Project teams seeking DARPA funding will get to choose the game they plan to work on, as well as a secondary title that the AI system must be compatible with, nine months later. The two games must be distinctly different, “for example, one might begin with a fantasy game and then apply the method to a sports game,” but the first game should be a real-time strategy title - with a preference for titles that are “representative of a campaign-level military engagement.”
To test the AI system further, applicants will be expected to “generate predictions to Government-provided independent perturbations to avoid trivial or absurd solutions and impose natural constraints to control scope.” Presumably, this stops the AI model simply inventing a doomsday weapon capable of immediately winning the match, and instead focuses on achievable innovations that could prove useful to DoD wargames.
In 2018, after wargames began to show Russian and Chinese forces exacting devastating losses on US troops (when fighting within Russian and Chinese spheres of influence), DARPA unveiled its new concept for modern warfare: Mosaic.
Mosaic aims to leverage the power of information networks, advanced processing, and disaggregated infrastructure to win conflicts with near-peer competitors.
Current military approaches can be seen like a puzzle, DARPA argued, where forces need several interlinking technologies (troops, tanks, drones, etc.) to work together perfectly, in military maneuvers that are carefully planned, supported by extensive logistics networks, as part of a brittle tactical approach.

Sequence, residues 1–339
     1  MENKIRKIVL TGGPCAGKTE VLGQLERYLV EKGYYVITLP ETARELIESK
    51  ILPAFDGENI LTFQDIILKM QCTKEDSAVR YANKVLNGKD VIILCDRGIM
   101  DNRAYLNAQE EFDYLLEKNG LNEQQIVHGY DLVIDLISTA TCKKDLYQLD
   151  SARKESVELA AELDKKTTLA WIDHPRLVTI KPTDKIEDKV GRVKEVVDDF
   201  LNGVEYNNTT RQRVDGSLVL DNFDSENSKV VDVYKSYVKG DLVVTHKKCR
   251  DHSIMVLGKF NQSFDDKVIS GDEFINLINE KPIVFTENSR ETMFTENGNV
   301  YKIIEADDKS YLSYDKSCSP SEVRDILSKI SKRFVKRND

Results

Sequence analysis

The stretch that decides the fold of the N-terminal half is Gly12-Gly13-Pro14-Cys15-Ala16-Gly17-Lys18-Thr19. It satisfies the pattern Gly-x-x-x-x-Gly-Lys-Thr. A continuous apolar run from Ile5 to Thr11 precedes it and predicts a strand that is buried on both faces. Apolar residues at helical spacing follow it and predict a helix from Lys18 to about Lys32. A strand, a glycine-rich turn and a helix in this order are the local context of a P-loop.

"They are exquisitely engineered to fit into a certain part of the picture and one part only," Dr. Thomas J. Burns, former director of DARPA’s Strategic Technology Office, said in 2018. "You can’t pull it out and put in a different puzzle piece. It won’t fit.”
If just one of those puzzle pieces is not available, the whole thing risks falling apart. Instead, Mosaic sees the pieces as diverse and fluid, full of weapon and sensor platforms that a commander could instantly turn to, slotting one in when another is out of action.
Burns described a potential ground battle where a commander would send an unmanned aerial vehicle or a robot ahead of the main battle force. It might spot an enemy tank. The unmanned system would pass the coordinates back, which would be relayed to a non-line-of-sight strike system in the rear; it would launch its munitions and take out the target.
“It sounds like it should be something very doable, but it’s not right now,” Burns said. “The interfaces are not made to communicate that kind of information and the Army doesn’t have air and ground vehicles that it can send forward.”